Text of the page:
Sunday, 16 April 2017

Santos in the Pilliga could mean light and fugitive emissions pollution for Siding Spring Observatory

The Santos Narrabri Gas Project Environmental Impact Statement (EIS) covering the Pilliga region is on public exhibition until 22 May 2017 and submissions can be made online by concerned individuals until then.



Santos plan to build an 850 coal seam gasfield near Siding Spring Observatory has been submitted to the NSW Govt. They plan to triple the amount of pilot flares and double the amount of huge flares, adding damaging light pollution to our region in defiance of the recent declaration of this area being Australia’s only Dark Sky Park recognised internationally.


Copy and paste this provided submission below to this link or write your own with the information provided.

This submission has been written to draw attention to the unacceptable impacts of Santos current plan with light pollution from their upcoming 850 gaswells and flares near Siding Spring Observatory. It is a simple solution, as recommended by the NSW EPA to enclose all flares, not just for emissions and cleaner burning, but also to reduce the amount of unnecessary light pollution from giant flames lighting the night sky.

Siding Spring Observatory is Australia’s only unique science research facility using the largest optical telescopes for astrophysics and astronomy. First established in Coonabarabran NSW, on the Warrumbungle Ranges in the 1960’s it was built here because of the dark skies in this region. While there is historic value of this site from telescopes established over 50 years ago, this observatory hosts the largest optical telescopes from national and international universities and research entities. Not only hosting the largest, this site hosts the second, third, fourth, fifth largest telescopes etc in Australia, playing a key role in science research across the Southern Hemisphere. Over 50 telescopes are listed across the site being used by over 30 universities, institutions and private businesses using cutting edge technology, with some of the most advanced telescopes being used is astrophysical research. Future plans include another 50 telescopes to be built on site within the next decade. All this is reliant on keeping the dark sky dark! If this area was to lose the dark sky, this observatory would not be replicated again in Australia, but moved elsewhere in the Southern Hemisphere.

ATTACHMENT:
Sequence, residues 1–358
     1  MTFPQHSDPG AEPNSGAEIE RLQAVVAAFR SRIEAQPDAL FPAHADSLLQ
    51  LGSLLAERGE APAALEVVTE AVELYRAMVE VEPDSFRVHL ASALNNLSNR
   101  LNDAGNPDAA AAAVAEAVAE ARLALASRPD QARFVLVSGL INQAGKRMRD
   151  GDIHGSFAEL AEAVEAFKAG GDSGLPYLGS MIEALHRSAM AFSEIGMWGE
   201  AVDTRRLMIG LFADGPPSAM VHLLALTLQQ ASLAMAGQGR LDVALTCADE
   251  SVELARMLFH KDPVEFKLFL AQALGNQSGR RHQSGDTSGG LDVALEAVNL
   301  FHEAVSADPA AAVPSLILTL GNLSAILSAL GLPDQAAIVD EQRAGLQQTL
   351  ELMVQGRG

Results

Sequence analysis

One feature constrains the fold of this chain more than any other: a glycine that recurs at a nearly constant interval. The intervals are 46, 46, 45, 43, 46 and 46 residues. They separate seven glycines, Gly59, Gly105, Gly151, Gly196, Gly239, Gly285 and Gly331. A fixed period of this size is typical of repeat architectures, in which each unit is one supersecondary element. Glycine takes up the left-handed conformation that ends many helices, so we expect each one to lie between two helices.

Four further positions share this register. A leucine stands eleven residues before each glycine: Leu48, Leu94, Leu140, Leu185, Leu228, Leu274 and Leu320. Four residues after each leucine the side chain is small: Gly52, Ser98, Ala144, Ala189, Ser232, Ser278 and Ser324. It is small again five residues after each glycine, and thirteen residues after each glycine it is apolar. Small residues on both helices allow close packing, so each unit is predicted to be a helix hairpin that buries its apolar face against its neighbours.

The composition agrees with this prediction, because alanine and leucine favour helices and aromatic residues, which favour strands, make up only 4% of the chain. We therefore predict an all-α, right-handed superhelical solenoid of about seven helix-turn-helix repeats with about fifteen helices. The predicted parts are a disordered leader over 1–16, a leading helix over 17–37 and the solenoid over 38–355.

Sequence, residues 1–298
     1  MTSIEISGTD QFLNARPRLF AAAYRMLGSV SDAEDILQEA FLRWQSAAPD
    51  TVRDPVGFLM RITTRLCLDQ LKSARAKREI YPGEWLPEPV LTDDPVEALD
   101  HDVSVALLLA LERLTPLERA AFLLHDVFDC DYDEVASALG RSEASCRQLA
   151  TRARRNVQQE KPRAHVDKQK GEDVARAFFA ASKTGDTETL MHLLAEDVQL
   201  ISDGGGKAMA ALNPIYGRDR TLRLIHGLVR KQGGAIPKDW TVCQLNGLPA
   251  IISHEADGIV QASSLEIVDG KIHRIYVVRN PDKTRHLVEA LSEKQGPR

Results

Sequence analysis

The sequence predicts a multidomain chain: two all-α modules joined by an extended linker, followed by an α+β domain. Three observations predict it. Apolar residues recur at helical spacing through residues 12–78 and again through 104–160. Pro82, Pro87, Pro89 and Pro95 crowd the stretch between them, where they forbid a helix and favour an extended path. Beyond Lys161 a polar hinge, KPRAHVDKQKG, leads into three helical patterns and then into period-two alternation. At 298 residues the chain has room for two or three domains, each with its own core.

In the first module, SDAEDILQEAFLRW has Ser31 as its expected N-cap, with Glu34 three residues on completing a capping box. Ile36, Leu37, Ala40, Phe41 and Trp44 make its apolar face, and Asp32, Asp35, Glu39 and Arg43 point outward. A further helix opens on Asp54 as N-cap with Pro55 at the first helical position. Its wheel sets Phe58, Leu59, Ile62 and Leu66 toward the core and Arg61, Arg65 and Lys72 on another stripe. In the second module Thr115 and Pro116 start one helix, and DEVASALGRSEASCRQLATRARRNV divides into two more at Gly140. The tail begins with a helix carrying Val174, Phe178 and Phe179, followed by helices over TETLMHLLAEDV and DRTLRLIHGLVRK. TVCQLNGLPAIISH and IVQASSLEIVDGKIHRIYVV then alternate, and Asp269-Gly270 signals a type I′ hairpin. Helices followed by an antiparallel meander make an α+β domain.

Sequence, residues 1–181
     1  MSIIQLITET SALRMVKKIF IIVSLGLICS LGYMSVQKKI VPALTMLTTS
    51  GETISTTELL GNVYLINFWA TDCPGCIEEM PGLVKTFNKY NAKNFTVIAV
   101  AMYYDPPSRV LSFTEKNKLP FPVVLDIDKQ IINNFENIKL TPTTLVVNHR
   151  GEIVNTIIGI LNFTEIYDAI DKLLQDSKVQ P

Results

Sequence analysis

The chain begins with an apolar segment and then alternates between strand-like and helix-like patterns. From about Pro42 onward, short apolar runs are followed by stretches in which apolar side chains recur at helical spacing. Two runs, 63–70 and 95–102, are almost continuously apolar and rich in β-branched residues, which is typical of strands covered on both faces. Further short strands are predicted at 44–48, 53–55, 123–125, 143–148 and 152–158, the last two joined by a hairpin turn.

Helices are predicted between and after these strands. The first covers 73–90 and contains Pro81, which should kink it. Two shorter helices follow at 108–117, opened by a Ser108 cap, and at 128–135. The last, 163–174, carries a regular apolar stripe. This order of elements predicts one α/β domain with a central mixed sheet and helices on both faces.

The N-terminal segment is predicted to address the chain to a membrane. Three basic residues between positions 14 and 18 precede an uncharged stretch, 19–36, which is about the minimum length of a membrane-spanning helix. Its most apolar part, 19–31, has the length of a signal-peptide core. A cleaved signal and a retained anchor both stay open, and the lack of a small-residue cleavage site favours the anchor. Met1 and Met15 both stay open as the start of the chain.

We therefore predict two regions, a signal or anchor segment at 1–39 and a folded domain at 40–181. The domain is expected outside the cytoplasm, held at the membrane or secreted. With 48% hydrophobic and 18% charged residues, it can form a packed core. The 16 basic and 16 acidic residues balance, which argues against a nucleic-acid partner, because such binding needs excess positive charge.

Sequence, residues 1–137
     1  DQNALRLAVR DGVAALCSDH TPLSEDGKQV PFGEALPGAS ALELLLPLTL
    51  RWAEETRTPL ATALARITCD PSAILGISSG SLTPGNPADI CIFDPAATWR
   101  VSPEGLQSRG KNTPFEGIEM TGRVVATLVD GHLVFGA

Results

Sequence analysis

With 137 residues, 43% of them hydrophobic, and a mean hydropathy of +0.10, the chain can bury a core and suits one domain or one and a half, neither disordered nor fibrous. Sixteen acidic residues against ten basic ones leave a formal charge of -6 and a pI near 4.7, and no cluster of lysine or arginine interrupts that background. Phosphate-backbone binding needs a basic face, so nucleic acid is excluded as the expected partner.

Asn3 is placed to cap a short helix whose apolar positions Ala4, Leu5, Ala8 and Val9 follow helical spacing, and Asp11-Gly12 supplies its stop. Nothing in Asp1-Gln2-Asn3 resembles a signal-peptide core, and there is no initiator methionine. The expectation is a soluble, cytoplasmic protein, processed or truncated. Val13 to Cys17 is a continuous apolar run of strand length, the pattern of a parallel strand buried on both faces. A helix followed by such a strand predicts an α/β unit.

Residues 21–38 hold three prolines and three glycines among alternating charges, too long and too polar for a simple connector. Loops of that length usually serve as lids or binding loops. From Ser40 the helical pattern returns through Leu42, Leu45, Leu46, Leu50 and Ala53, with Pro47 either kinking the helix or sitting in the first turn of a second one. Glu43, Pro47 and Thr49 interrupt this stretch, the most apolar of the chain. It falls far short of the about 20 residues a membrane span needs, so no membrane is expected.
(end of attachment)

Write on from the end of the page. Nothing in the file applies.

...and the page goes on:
From 2013 onwards light emissions from the Santos gasfield exploration have increased to the point that, just the Bibblewindi large flare and unmanned facility alone, creates more light pollution than the entire town of nearby Coonabarabran with over 3500 people residing there. Santos have listed plans to triple the amount of pilot flares and double the amount of large flares including constructing 50 metre high flare stacks, with an average 30 metre high flame above it. Nowhere do they list the EPAs recommended practice to enclose flares, as has been done in NSW areas such as Gloucester. Enclosing flares is the only acceptable mitigation to protect the scientific community from the unnecessary light pollution they plan to emit. Siding Spring Observatory already has to deal with light pollution from existing mining and regional towns. Even Sydney itself, from over 400kms away can affect research from its light glow.

Santos are a lot closer than this. Every bit of extra light pollution is making it more difficult to continue the leading scientific research, and while each pollute in different levels, most consider they aren’t doing any damage. But it’s the combination with the existing light sources, adding a cumulative effect which is becoming worse as more pollution is created.

In summary, this is a simple fix in this case, as while Santos building infrastructure is willing to comply with shielded lights for buildings, they need to go a step further and enclose all current and future flares as the NSW EPA recommend. It is the only acceptable solution.


your name

Where to submit
(Click link then scroll to bottom)